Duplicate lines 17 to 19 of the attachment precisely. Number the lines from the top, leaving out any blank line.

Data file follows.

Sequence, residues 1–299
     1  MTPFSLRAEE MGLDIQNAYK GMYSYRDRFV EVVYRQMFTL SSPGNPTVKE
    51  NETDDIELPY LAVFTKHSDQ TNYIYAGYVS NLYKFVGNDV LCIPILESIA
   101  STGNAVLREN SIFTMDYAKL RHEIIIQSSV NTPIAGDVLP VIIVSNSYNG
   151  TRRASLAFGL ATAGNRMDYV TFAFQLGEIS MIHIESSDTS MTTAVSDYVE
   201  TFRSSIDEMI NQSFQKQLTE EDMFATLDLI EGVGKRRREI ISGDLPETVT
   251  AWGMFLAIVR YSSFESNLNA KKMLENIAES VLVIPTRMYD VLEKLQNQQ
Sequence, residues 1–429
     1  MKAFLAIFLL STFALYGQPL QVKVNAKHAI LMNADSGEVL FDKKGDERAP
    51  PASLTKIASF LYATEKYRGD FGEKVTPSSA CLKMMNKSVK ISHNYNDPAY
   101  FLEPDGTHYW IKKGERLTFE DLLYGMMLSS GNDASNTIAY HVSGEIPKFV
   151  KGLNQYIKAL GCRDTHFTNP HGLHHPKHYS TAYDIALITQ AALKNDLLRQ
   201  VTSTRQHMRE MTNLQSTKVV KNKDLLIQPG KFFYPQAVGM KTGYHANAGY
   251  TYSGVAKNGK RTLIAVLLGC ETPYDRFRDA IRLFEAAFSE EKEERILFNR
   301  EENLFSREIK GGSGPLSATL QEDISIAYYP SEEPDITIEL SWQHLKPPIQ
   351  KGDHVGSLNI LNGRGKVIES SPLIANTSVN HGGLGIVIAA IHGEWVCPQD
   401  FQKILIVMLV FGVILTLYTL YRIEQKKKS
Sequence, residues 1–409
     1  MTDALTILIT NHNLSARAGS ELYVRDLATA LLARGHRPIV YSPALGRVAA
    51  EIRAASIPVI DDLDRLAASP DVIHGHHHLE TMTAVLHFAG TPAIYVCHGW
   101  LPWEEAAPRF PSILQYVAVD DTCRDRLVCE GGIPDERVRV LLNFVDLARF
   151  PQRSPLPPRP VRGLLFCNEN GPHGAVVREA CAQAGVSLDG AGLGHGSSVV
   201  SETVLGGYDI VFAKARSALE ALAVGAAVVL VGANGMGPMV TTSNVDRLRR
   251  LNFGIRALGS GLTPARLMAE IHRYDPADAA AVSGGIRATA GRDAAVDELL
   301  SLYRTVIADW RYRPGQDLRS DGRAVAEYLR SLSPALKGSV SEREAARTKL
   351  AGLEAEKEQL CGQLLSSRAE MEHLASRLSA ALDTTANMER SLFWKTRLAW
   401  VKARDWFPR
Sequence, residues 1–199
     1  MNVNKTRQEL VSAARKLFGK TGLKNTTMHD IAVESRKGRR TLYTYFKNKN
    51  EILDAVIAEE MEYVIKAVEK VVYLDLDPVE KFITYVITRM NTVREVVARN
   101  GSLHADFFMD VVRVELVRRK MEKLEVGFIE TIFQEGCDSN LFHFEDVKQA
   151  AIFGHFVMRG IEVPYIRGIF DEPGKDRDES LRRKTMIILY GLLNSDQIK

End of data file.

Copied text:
   401  FQKILIVMLV FGVILTLYTL YRIEQKKKS
Sequence, residues 1–409
     1  MTDALTILIT NHNLSARAGS ELYVRDLATA LLARGHRPIV YSPALGRVAA